“The current request for information put out by DEED (the Department of Education) will provide a snapshot of options available to the state,” Dusek said. “This will inform the state on what the next steps will determine next steps for the State to identify a new vendor that can meet Alaska’s unique needs.”

MacKinnon said the Alaska would be looking to other states that have had to implement new tests on a similar timeline.

“I am hopeful,” she said. “I think it is doable.”

Vendors have until Sept. 6 to respond to the state’s request. Potential assessments must be able to show how well students meet state standards, provide data for school improvement efforts and ensure equity for all students.

Reach Kelly Sullivan at

More in News

Mount Redoubt can be seen acoss Cook Inlet from North Kenai Beach on Thursday, July 2, 2022. (Photo by Erin Thompson/Peninsula Clarion)
Offshore oil plan envisions a single Cook Inlet sale

The proposed 2023-2028 plan is similar to the just-ended Obama administration five-year plan

People line the streets in downtown Kenai, Alaska on Monday, July 4, 2022 for the annual Independence Day parade. (Camille Botello/Peninsula Clarion)
Red, white and blue all day

Kenai turns out for parade, activities to celebrate Independence Day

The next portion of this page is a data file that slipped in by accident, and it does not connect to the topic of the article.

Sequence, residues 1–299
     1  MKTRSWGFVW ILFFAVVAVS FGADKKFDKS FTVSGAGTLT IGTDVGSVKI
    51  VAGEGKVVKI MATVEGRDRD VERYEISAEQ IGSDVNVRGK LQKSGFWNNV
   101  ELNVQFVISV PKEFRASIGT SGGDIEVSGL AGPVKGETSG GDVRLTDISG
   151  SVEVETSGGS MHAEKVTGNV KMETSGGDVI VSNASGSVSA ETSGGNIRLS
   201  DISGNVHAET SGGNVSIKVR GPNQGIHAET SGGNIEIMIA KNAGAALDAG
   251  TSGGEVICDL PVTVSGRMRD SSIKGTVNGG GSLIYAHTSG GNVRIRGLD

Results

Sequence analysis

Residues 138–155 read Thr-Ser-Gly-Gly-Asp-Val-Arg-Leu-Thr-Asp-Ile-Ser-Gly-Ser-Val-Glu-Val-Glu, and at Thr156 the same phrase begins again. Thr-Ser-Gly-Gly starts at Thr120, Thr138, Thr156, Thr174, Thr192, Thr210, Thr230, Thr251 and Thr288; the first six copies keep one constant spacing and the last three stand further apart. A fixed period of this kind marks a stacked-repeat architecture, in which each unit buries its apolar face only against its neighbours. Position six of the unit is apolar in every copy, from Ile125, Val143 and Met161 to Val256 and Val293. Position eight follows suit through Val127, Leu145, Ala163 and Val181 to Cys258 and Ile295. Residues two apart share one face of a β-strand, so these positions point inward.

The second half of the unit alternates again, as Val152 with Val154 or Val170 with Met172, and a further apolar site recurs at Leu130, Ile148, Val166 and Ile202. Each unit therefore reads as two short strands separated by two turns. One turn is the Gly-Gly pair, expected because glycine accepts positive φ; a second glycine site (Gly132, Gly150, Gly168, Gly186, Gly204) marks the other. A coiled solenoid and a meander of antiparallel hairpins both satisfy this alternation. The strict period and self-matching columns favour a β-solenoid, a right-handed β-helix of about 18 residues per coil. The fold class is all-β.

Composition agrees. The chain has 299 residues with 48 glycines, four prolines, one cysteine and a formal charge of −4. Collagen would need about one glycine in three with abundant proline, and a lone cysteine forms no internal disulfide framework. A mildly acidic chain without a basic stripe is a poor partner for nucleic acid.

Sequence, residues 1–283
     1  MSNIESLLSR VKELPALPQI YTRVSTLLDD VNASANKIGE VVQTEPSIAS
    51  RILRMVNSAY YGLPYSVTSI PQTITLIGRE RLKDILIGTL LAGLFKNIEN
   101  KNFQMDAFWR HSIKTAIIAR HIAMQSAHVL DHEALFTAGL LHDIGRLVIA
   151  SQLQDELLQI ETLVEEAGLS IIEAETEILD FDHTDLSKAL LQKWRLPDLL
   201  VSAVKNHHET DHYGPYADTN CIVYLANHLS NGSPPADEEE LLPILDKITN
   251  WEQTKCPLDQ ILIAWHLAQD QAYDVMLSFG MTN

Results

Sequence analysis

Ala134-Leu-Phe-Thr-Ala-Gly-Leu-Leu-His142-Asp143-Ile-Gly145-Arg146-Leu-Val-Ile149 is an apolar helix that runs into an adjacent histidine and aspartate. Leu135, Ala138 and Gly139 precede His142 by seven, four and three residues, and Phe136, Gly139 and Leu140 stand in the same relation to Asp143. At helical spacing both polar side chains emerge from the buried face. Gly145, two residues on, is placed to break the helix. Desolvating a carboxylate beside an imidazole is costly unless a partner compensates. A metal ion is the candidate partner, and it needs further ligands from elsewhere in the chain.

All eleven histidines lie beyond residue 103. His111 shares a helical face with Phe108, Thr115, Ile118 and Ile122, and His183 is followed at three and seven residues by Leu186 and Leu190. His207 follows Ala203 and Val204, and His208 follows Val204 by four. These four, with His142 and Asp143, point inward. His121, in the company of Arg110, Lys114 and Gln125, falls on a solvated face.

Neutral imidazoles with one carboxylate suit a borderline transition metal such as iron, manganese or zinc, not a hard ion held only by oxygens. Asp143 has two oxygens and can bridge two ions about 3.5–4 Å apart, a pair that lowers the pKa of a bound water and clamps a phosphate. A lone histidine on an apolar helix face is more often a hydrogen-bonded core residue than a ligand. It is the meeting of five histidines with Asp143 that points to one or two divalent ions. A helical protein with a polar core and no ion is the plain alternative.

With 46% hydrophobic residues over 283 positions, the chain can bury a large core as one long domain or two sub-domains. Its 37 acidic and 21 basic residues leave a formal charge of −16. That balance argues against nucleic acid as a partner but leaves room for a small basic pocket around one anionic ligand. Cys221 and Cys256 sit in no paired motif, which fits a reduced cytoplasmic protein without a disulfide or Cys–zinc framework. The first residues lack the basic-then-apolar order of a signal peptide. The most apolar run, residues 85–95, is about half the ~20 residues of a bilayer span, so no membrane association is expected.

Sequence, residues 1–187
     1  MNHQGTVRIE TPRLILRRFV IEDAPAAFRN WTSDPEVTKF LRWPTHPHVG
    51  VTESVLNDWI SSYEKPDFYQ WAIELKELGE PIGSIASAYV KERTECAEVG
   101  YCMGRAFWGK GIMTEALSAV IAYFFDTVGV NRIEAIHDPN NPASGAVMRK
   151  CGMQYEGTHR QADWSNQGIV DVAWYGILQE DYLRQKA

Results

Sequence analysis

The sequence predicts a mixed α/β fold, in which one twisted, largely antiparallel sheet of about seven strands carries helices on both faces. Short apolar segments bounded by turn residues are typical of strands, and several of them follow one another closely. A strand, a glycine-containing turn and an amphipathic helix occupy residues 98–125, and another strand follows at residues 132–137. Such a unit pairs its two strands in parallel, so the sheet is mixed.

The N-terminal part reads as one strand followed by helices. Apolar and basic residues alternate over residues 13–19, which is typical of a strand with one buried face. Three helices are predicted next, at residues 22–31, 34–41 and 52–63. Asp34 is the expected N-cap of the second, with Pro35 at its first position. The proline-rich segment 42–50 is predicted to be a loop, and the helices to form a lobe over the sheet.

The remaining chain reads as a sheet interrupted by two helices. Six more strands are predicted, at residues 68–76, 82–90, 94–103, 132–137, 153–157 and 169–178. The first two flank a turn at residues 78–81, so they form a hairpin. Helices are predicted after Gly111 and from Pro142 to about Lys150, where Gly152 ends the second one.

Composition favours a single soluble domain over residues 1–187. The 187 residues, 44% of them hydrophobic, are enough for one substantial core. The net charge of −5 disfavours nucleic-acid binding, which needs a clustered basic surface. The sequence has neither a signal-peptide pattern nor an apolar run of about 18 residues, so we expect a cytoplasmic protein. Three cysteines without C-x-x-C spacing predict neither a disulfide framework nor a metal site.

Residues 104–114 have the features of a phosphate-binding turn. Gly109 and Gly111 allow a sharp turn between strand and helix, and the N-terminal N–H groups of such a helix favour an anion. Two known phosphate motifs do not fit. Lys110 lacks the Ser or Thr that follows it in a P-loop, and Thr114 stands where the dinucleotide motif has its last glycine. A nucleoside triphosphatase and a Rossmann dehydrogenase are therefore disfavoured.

A podium marks the beginning of a StoryWalk at Soldotna Creek Park on Tuesday, June 29, 2021, in Soldotna, Alaska. (Ashlyn O’Hara/Peninsula Clarion)
StoryWalk is back after vandalism

The installation was discontinued last September after someone damaged the poles and podium plexiglass

Shawn Dick of Talkneetna carries a fresh catch out of the water while dipnetting on the Kenai Beach on July 10, 2020. (Peninsula Clarion file)
Kenai River dipnetting opens this month

The Kenai River personal use dipnet fishery opens July 10

The sun is seen shining above the Kenai River in Soldotna, Alaska, on July 14, 2020. (Photo by Erin Thompson/Peninsula Clario file)
When the temperature hits 70, Alaskans feel the heat — and start suffering health ills

Acclimatization, the angle of the sun at high latitudes and other factors make summer heat more intense in Alaska

A map shows active fires around the state of Alaska on Friday, July 1, 2022. (Screenshot from Alaska Wildland Fire Information Map)
Fire danger prompts restrictions on burning, fireworks

There were 160 fires in Alaska as of Thursday, and of those 17 were staffed with fire personnel

Jessica Cook, left, and Les Gara are photographed in The Peninsula Clarion’s offices Thursday in Kenai. (Ashlyn O’Hara/Peninsula Clarion)
Gara, Cook campaign on the Kenai Peninsula

The pair cited education funding, reproductive rights and election security as priorities

A map shows the Seward Highway MP 17-22.5 Rehabilitation Project area. The Seward Highway between Mileposts 17 and 22.5 — from about Primrose Campground to near Teddy’s Inn The Woods — will be closed from 8 p.m. and 5 a.m. on Mondays and Wednesday starting July 18, 2022. (Screenshot)
Roadwork in Moose Pass to shut parts of Seward Highway

The Seward Highway between Mileposts 17 and 22.5 will be closed from 8 p.m. and 5 a.m. on Mondays and Wednesday starting July 18

Most Read